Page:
*I found the article interesting and will validate with The Quran. The article is the opinion of the writer. Opinions are just that, an opinion. I’m not a hater declaring a Religion is bad. Have an open mind, it’s a diverse world and we have to adapt. My opinion is terrorist misuse passages in the Quran, a Holy Book as a front for their cause not for Allah. * M
Tensions in the Muslim world have risen even further in the wake of a mass execution of 47 men by the Saudi Arabian government, among whom was a prominent Shiite cleric named Sheikh Nimr al-Nimr. Saudi Arabia is a monarchy led by a Sunni Muslim family, while nearby power Iran is a theocracy led by Shiite Muslim clerics.
In news coverage from the region we often hear of tensions between Sunni and Shia Islam, but find that few people in the Western world have been truly exposed to the differences between these two interpretations of one of Earth’s most influential faiths. What is the difference between Sunni and Shia
Islam Around the World
For starters, most Muslims (more than 85 percent of them) practice Sunni Islam. These form the majority of the population in most “Muslim” nations (the two most notable outliers from this trend are Iraq and Iran, where Shiites form the majority).
Because these two sects must account for nearly 1.5 billion individuals around the world, it is also important to note that the spectrum of ideas within Sunni and Shia Islam is incredibly wide. There are more fundamentalist and more secular individuals in either group. Some people have argued that the differences between these two groups is analog to the difference between Catholic and Protestant Christians – among which you see a similar ideological spectrum.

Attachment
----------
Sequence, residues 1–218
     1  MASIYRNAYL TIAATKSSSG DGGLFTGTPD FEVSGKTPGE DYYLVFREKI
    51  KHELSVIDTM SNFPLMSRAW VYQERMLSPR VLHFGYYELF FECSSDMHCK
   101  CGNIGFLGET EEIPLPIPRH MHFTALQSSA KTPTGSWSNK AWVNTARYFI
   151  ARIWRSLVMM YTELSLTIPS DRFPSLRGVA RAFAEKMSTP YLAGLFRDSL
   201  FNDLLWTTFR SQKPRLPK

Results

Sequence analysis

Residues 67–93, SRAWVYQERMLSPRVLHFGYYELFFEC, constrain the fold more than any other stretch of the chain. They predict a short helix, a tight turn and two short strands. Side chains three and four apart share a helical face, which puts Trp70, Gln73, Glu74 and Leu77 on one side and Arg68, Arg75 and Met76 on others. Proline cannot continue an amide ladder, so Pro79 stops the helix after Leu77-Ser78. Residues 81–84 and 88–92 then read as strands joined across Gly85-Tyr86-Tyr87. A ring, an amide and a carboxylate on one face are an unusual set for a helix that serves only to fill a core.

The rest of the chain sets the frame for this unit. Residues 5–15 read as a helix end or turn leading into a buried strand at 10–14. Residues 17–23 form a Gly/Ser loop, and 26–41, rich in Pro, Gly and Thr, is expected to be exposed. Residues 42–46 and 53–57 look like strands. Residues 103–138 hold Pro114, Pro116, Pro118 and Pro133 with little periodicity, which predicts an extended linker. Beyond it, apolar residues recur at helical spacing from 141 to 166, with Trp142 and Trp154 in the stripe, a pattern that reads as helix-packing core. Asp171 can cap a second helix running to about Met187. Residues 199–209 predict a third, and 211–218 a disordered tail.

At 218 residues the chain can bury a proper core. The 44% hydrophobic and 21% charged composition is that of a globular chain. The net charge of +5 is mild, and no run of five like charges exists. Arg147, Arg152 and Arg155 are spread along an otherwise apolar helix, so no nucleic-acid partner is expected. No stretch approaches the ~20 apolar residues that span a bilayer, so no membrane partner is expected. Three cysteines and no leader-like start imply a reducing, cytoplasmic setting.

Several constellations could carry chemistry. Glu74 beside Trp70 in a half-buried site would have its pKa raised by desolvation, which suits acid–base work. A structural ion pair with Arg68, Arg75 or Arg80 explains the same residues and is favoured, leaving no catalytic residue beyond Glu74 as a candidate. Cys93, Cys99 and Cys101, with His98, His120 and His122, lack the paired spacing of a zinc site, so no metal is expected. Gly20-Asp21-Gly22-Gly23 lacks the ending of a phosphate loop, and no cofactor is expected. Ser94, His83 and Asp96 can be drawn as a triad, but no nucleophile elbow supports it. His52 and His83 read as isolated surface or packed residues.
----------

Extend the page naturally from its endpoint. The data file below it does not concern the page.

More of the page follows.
History of the Sunni/Shia Split
The initial split between the two groups actually took place nearly 1,400 years ago, when the prophet Mohammed died. The sect that would become Sunni Islam argued that Mohammed’s best friend, Abu Bakr, should succeed him as the next leader of Islam. Those who would come to form the Shia sect of Islam believed that Mohammad’s son-in-law, Ali, should succeed him.
The Sunnis would eventually win that debate, but the rift never really closed (Sunni troops would later kill Ali, an event commemorated annually by Shiites). Tensions have remained high between the two groups – one Pew Research poll revealed that 4 out of 10 Sunnis don’t believe that Shiites are ‘real Muslims’.
What is the Difference Between Sunni and Shia Islam?
Both Sunni and Shia Islam share most of the core values of Islam and largely believe in maintaining similar practices. The rift between the two, at least from an outside perspective, definitely appears to be more historical/political (much of the political upheaval that has taken place in the Middle East over the last ~30 years can at least partially be attributed to Shia/Sunni conflict) than it does theological.
What’s Next for Islam?
Especially in the wake of the recent uproar in Iran, it appears unlikely that tensions between the two factions will ease anytime soon. At this point, unfortunately, it appears as though the religious conflicts we’ve seen around the world (particularly over the last year) will only increase in quantity and severity.
We want to know what you think: How can we close rifts and built peace?
*Comment Left for the Writer*
All the information that I have received over the years on Islam has led me to develop a zero tolerance for Islam. Mostly provoked by the jihad they have waged on Western culture.
The beheading of Christians and the current hostile take over of our culture and religion has put me on guard. While it is nice to know the difference between the Sunni’s and the Shi’ites it is immaterial as long as the jihad and threat to me and my family exists.
Just the fact that we 47 terrorist training camps in the United States is enough to keep us all in guard. The Federal government checks into everything else that poses a threat and have allowed these camps to exist. As long as the jihad exists and the government remains complacent I will have zero tolerance for Islam.